20 April 2007

David Suzuki: The Autobiography

By
Non-Fiction
In this chatty, charming autobiography, high-profile Canadian environmentalist David Suzuki covers his formidable life achievements from a personal perspective. Now in his seventies, Suzuki is best known for his long-running popular science TV series The Nature of Things, but as a respected scientist and author as well as an environmental campaigner, he is a television personality with true ‘street cred’.
David Suzuki: The Autobiography
David Suzuki: The Autobiography
David Suzuki
Allen & Unwin
404 pages
ISBN 1-74114-792-1
A$29.95

In this chatty, charming autobiography, high-profile Canadian environmentalist David Suzuki covers his formidable life achievements from a personal perspective. Now in his seventies, Suzuki is best known for his long-running popular science TV series The Nature of Things, but as a respected scientist and author as well as an environmental campaigner, he is a television personality with true ‘street cred’.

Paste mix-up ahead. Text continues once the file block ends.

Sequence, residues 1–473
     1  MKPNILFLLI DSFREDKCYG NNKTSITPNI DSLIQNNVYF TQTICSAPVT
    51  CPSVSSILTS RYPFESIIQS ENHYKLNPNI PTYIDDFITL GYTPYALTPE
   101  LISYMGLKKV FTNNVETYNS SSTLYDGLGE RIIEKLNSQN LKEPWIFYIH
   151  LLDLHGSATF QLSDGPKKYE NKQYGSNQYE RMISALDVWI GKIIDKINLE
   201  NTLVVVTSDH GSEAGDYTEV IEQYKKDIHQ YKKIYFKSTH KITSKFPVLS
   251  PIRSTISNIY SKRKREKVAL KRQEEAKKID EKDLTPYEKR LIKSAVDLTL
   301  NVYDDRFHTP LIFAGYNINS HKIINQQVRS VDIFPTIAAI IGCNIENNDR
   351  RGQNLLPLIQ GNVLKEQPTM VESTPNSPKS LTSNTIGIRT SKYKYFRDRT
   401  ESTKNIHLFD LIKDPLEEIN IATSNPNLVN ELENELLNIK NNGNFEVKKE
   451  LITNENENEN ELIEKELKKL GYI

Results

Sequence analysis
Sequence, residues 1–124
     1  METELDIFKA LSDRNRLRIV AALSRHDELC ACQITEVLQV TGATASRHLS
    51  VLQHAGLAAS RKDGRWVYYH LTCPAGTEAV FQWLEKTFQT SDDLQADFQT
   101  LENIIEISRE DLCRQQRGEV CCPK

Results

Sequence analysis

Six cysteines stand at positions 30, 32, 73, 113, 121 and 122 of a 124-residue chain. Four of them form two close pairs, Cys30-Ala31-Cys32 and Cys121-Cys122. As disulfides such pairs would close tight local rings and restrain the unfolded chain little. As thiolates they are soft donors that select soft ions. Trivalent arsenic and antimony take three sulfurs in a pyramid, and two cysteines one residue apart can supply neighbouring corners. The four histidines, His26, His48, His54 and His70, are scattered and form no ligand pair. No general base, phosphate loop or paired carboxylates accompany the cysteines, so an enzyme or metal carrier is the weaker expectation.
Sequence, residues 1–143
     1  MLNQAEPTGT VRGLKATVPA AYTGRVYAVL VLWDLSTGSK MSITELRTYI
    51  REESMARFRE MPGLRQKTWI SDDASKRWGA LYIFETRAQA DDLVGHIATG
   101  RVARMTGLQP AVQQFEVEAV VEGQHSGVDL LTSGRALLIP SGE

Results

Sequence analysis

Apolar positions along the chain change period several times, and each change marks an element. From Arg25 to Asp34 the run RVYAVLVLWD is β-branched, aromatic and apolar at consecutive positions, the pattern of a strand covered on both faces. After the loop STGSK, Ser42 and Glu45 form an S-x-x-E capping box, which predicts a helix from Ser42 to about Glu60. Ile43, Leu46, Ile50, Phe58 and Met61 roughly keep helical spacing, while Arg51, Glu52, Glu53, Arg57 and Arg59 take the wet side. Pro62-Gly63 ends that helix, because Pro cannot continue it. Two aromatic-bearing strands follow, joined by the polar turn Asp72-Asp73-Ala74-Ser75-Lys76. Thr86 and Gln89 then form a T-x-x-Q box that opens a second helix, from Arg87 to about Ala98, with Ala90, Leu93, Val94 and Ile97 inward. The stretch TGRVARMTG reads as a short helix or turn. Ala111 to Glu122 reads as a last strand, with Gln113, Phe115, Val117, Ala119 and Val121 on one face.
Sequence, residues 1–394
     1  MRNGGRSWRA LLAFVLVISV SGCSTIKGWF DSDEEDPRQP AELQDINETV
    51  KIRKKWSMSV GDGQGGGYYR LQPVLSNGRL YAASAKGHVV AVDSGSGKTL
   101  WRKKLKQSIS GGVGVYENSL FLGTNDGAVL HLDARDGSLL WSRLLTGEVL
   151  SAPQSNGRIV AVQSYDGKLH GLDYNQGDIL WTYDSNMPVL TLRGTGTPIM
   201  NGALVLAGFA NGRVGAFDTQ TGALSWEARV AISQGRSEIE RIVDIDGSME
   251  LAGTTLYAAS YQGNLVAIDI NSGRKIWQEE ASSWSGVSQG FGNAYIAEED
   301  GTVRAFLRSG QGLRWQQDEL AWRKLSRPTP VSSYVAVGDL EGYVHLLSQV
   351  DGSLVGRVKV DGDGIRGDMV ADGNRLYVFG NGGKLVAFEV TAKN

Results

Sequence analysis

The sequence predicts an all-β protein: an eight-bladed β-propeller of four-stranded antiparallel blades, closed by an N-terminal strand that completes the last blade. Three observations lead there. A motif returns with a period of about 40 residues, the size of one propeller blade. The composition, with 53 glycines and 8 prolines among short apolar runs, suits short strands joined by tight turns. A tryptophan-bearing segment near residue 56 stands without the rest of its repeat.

Suzuki’s ecological and environmental concerns are foremost in the book, but, along the way, he writes about his childhood, his marriages, and his children. Those hoping for a lurid show-business autobiography could be disappointed, as he deals courteously and affectionately with his entire family, including his first wife.

In the first chapter, “My Happy Childhood in Racist British Columbia”, he tells, simply and movingly, of the forces that made him ‘an outsider’, particularly the internment of his family as enemy aliens in Canada during WWII. At university he fell in love with genetics, and then in 1962, as an academic, stumbled into broadcasting on a local TV program, never dreaming that it would take over his life.

Since then, Suzuki has made innumerable appearances on his own and others’ television shows; travelled to exotic (and often uncomfortable) places; built the David Suzuki Foundation; and campaigned extensively for the preservation of the natural environment, in Canada and elsewhere — even Australia, where he was particularly delighted to see platypuses.

His respect for the indigenous people of North America is obvious, and his concern for the Kaiapo people of the Amazon, devastated by ‘progress’, is moving.

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